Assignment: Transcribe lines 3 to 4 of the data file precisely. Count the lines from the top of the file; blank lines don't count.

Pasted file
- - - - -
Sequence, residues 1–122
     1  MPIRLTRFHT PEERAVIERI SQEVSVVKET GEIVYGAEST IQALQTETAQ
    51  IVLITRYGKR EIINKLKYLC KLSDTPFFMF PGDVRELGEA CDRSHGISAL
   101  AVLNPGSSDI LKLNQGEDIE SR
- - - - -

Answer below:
    51  IVLITRYGKR EIINKLKYLC KLSDTPFFMF PGDVRELGEA CDRSHGISAL
   101  AVLNPGSSDI LKLNQGEDIE SR